How do you view earth?


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paleblue_custom-b200d49e728a183a8622779513762ba435508898-s2-c85.jpgPolitics, religion, economic and all other things aside, how do you view earth? Personally, I see it as a unique opportunity in a void of complete nothing. I think we all get so caught up in the day-to-day that it is hard to really think about what Earth and life means. I look at earth as home and as a place where I can take any and every opportunity to become the best,  experience the best and encourage the best. I look at it as an opportunity for anything that I see possible.
As much as I personally dislike reading and long/wordy quotes, I believe this quote from Astronomer Carl Sagan is a very important statement, maybe one the most profound statements in the history of our civilization based on this image of earth taken by the Voyager 1 spacecraft, 4 billion miles away from Earth. This is how Carl Sagan views Earth, do you agree?

"Look again at that dot. That's here. That's home. That's us. On it everyone you love, everyone you know, everyone you ever heard of, every human being who ever was, lived out their lives. The aggregate of our joy and suffering, thousands of confident religions, ideologies, and economic doctrines, every hunter and forager, every hero and coward, every creator and destroyer of civilization, every king and peasant, every young couple in love, every mother and father, hopeful child, inventor and explorer, every teacher of morals, every corrupt politician, every "superstar," every "supreme leader," every saint and sinner in the history of our species lived there-on a mote of dust suspended in a sunbeam.

The Earth is a very small stage in a vast cosmic arena. Think of the endless cruelties visited by the inhabitants of one corner of this pixel on the scarcely distinguishable inhabitants of some other corner, how frequent their misunderstandings, how eager they are to kill one another, how fervent their hatreds. Think of the rivers of blood spilled by all those generals and emperors so that, in glory and triumph, they could become the momentary masters of a fraction of a dot.

Our posturings, our imagined self-importance, the delusion that we have some privileged position in the Universe, are challenged by this point of pale light. Our planet is a lonely speck in the great enveloping cosmic dark. In our obscurity, in all this vastness, there is no hint that help will come from elsewhere to save us from ourselves.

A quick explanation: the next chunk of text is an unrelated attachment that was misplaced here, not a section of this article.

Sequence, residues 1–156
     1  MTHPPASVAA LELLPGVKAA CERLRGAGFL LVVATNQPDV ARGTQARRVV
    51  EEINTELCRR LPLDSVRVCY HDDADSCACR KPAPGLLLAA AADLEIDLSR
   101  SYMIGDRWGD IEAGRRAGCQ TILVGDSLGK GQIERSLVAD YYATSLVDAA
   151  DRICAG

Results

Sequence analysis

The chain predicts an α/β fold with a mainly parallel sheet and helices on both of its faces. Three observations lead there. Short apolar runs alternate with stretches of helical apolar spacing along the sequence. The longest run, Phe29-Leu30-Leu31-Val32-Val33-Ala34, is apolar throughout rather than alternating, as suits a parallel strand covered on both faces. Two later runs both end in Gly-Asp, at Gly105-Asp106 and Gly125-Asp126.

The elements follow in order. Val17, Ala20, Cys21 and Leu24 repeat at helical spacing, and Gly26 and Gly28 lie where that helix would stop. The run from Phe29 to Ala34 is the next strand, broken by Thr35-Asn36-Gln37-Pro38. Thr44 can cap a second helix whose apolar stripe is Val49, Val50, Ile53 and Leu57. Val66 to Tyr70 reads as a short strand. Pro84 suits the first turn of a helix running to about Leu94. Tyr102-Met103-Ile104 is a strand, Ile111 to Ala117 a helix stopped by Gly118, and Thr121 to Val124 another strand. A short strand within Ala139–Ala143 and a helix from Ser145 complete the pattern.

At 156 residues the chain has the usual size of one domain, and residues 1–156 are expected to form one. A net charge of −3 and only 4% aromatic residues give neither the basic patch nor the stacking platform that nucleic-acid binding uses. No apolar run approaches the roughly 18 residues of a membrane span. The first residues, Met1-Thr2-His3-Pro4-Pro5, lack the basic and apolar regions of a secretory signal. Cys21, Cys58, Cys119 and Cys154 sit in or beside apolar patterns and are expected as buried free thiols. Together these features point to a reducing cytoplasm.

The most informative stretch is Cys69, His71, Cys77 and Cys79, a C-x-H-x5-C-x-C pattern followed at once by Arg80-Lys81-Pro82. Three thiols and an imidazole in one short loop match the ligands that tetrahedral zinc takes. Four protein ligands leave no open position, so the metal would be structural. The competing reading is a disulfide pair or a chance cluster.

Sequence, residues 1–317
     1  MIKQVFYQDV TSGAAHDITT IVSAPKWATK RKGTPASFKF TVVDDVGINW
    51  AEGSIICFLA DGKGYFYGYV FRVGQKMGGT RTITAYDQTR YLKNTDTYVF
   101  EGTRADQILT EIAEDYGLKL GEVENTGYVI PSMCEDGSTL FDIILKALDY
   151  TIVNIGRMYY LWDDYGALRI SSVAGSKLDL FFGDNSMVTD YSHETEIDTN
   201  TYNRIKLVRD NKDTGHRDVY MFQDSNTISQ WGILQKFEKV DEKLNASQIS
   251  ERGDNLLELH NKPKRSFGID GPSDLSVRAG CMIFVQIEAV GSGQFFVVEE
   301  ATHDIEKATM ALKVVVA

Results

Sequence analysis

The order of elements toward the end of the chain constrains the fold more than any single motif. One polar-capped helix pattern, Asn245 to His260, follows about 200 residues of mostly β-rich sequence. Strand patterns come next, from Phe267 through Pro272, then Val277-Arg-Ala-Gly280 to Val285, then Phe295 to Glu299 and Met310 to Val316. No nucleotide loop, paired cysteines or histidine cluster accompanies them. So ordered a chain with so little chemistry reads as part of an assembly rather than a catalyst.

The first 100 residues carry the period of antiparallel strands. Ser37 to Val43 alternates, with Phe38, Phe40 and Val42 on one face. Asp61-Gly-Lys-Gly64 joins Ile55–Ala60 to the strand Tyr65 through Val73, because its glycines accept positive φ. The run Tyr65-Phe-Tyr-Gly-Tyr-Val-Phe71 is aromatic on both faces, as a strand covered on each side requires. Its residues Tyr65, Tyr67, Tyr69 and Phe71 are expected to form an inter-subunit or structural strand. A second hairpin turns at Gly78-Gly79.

The Earth is the only world known so far to harbor life. There is nowhere else, at least in the near future, to which our species could migrate. Visit, yes. Settle, not yet. Like it or not, for the moment the Earth is where we make our stand.

It has been said that astronomy is a humbling and character-building experience. There is perhaps no better demonstration of the folly of human conceits than this distant image of our tiny world. To me, it underscores our responsibility to deal more kindly with one another, and to preserve and cherish the pale blue dot, the only home we've ever known." -Carl Sagan, a pale blue dot

My favorite moments in science, in fact, have been images of Earth taken from outer space, there is something humbling about pictures of earth taken from thousands, millions and billions of miles away. Most recently an image of earth taken by NASA's Juno Probe on October 9th and the now updated for 2012, "Blue Marble" image. The words though, that are inspired by those images, are all different for every single one of us. I see it as opportunity. Carl Sagan finds it as our one and only home. What words do you have when looking at images of Earth from outer space? 

3 Comments

I'm first going to say this is by far my favorite post. It wasn't about some radical study or new research coming out. It was about something we've known our entire lives but rarely and truly recognize. I was once again humbled by the thought that the little blue dot in all of space is us. My favorite part of science is space (minus the physics of it) so I really enjoyed reading this.

When I took the trash out at home I would always look up at the sky and look at all the stars thinking how Earth is really just a floating rock in space we happen to live on. Thinking about it I could not have said it any better than Carl Sagan, "...the only home we've ever known."

I agree. Awesome post.

Thank You for sharing my post today in class! Although you noted that you might not have had the same vocal ability as Sagan when reading the text, it was still nice to hear.
For those that want to hear Carl Sagan say it himself, here is a link to him reciting the "Pale Blue Dot" Monologue:

http://www.youtube.com/watch?v=wupToqz1e2g

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